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Why do women doctors in the UK take hormone replacement therapy?
  1. A J Isaacs,
  2. A R Britton,
  3. K McPherson
  1. Department of Public Health and Policy, London School of Hygiene and Tropical Medicine, London.

    Abstract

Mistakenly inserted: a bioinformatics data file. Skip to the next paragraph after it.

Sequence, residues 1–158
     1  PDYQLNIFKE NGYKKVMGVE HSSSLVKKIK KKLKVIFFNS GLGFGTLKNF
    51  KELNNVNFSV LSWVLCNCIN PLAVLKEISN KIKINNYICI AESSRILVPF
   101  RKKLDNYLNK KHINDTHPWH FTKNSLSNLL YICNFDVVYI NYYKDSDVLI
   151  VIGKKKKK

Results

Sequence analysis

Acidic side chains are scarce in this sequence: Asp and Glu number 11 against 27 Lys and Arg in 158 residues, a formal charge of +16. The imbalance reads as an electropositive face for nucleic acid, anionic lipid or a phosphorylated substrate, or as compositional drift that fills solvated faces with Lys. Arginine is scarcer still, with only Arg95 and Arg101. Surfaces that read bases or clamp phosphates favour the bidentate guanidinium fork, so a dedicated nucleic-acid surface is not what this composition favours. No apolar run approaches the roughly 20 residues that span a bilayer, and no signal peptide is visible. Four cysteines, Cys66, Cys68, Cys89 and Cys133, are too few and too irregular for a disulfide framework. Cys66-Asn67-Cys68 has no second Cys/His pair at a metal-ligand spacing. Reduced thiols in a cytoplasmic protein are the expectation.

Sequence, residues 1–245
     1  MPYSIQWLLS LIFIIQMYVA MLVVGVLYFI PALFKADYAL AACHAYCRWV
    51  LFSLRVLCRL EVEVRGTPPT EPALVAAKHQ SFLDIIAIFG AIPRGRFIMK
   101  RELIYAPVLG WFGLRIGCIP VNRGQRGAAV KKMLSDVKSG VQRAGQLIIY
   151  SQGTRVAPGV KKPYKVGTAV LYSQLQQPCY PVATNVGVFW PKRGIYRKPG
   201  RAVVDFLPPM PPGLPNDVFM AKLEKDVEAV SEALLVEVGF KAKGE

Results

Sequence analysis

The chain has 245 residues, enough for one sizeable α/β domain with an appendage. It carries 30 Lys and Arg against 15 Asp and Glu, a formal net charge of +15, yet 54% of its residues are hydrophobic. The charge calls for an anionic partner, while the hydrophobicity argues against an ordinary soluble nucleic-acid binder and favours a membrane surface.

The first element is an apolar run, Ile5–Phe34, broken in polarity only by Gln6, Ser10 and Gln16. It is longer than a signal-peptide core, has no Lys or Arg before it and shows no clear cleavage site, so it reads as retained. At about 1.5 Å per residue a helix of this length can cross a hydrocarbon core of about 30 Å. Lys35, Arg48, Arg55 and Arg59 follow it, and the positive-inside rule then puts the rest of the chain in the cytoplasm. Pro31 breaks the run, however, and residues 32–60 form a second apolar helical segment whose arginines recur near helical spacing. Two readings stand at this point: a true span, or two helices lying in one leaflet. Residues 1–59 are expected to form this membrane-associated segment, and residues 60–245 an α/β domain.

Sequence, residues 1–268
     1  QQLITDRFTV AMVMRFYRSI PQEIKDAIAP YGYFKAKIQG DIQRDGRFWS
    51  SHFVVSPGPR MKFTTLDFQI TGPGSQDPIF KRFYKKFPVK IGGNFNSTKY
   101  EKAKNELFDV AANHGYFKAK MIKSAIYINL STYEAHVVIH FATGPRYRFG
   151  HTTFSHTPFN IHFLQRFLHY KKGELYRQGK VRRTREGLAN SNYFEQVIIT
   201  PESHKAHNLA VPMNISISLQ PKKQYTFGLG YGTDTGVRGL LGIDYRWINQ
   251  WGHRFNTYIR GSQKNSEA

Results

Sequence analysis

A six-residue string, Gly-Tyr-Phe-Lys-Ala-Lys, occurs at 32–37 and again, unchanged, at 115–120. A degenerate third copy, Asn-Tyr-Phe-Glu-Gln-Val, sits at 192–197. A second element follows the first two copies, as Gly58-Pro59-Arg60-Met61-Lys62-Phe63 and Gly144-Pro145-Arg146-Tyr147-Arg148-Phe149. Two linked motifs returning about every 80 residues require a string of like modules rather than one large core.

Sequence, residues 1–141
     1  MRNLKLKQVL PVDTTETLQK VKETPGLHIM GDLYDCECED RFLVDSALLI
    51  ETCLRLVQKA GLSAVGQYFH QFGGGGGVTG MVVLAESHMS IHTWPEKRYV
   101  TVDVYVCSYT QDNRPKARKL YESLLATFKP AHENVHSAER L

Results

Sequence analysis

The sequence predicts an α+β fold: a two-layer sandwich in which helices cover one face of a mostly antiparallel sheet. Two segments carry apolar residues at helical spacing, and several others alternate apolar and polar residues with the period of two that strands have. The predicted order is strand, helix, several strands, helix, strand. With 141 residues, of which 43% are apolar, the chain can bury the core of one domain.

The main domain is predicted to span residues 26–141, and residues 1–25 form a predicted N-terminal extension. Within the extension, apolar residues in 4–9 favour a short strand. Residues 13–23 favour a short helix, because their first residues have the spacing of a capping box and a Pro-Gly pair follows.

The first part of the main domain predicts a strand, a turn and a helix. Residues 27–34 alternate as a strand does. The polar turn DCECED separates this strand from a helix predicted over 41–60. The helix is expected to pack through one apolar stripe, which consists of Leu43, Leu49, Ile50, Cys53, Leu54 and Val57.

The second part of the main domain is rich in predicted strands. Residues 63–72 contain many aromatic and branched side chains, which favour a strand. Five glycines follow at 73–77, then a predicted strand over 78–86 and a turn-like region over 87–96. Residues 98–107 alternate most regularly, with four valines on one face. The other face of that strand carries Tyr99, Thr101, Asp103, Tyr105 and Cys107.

STUDY OBJECTIVES: To ascertain the determinants and experiences of hormone replacement therapy (HRT) use by menopausal women doctors. DESIGN: Postal questionnaire. SETTING: UK. PATIENTS: A randomized stratified sample of women doctors who obtained full registration between 1952 and 1976, taken from the current Principal List of the UK Medical Register. MAIN OUTCOME MEASURES: Current and previous use of HRT; reasons for and against HRT use; menopausal status; hormonal contraceptive use; lifestyle patterns; family and personal history of disease. MAIN RESULTS: While 73.2% of 471 users had started HRT for symptom relief, 60.9% cited prevention of osteoporosis and 32.7 prevention of cardiovascular disease. Altogether 18.7% had started for preventive purposes alone. Significant predisposing factors to starting HRT were the presence and severity of menopausal symptoms, surgical menopause, past use of hormonal contraception, and a family history of osteoporosis. HRT users were also more likely to use skimmed rather than full fat milk, to try to increase their intake of fruit, vegetables, and fibre, and to undertake vigorous physical activity at least once a week. They were less likely to have had breast cancer. Long duration users were more likely than short duration users to be past users of hormonal contraception and to be using HRT for prevention of osteoporosis as well as symptom relief; they were less likely to have experienced side effects. CONCLUSIONS: The high usage of HRT by women doctors reflects the fact that many started HRT on their own initiative and with long term prevention in mind. The results may become generalisable to the wider population as information on the potential benefits of HRT is disseminated and understood. However, HRT users may differ slightly from non-users in health-related behaviour and a substantial minority may never take up HRT, at least until the benefit-risk ratio is more clearly established.

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